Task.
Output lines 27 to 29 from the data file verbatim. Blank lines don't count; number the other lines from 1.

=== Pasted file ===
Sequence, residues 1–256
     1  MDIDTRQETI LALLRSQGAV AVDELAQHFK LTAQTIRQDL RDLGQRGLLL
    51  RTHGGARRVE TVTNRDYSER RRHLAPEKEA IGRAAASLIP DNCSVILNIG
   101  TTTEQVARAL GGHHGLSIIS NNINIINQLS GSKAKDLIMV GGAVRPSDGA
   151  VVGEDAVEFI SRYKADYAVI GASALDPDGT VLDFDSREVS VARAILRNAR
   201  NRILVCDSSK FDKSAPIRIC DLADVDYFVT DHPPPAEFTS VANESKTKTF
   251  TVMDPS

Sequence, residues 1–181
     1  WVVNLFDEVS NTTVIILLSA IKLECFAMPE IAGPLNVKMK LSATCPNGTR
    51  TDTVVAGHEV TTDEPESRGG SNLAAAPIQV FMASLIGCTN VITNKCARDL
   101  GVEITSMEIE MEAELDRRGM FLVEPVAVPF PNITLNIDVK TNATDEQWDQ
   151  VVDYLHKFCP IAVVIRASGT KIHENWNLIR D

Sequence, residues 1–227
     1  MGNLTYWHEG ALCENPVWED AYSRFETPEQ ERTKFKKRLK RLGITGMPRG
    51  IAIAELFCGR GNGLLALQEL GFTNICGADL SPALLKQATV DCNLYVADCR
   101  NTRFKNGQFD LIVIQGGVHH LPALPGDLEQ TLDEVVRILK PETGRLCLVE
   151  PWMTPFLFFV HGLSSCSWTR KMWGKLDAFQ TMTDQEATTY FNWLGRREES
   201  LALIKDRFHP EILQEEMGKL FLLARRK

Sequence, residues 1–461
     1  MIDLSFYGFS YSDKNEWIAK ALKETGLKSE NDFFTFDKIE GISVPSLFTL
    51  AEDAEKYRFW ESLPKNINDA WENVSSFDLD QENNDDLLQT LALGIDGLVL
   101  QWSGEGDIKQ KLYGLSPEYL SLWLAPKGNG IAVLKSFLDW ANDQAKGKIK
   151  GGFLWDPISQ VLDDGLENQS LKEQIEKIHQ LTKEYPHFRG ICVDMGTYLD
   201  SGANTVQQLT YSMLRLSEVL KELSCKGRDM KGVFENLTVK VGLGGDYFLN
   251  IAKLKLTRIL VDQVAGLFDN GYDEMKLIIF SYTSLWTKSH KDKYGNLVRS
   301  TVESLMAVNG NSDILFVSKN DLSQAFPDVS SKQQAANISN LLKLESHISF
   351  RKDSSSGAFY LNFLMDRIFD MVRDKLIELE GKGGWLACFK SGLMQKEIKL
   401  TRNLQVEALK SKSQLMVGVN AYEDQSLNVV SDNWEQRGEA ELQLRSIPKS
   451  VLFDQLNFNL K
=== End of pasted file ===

   351  RKDSSSGAFY LNFLMDRIFD MVRDKLIELE GKGGWLACFK SGLMQKEIKL
   401  TRNLQVEALK SKSQLMVGVN AYEDQSLNVV SDNWEQRGEA ELQLRSIPKS
   451  VLFDQLNFNL K